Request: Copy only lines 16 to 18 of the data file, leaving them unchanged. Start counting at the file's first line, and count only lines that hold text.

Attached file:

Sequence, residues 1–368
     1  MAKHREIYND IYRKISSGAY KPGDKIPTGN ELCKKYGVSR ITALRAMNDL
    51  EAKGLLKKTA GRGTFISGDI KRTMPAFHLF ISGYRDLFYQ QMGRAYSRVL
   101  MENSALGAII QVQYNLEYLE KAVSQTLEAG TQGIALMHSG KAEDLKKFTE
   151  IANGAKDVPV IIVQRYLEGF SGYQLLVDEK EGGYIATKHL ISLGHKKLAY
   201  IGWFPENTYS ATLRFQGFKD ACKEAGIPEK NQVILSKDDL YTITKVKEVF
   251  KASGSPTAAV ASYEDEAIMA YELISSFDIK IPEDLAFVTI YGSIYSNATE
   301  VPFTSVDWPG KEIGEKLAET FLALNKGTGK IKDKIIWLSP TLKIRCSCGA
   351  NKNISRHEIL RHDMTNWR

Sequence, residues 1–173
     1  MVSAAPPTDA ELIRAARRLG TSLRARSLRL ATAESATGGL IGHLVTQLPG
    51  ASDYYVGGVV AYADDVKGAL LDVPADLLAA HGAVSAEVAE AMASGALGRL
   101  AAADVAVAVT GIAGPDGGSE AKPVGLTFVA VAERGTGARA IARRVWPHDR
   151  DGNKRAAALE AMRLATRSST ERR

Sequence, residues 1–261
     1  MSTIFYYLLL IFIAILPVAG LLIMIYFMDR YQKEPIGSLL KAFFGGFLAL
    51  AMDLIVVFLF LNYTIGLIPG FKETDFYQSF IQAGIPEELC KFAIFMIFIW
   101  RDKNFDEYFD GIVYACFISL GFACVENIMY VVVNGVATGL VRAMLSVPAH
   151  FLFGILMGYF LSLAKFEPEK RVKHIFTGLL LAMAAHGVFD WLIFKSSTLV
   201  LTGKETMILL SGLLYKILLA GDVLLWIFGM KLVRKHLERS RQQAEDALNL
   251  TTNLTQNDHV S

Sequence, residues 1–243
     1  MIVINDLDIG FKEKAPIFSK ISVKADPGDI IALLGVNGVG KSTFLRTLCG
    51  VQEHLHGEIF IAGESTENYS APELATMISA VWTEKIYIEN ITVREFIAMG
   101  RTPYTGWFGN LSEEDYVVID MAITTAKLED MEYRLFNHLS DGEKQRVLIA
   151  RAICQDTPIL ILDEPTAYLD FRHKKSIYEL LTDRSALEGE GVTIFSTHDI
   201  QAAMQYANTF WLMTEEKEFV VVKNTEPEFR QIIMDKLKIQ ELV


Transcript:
     1  MSTIFYYLLL IFIAILPVAG LLIMIYFMDR YQKEPIGSLL KAFFGGFLAL
    51  AMDLIVVFLF LNYTIGLIPG FKETDFYQSF IQAGIPEELC KFAIFMIFIW
   101  RDKNFDEYFD GIVYACFISL GFACVENIMY VVVNGVATGL VRAMLSVPAH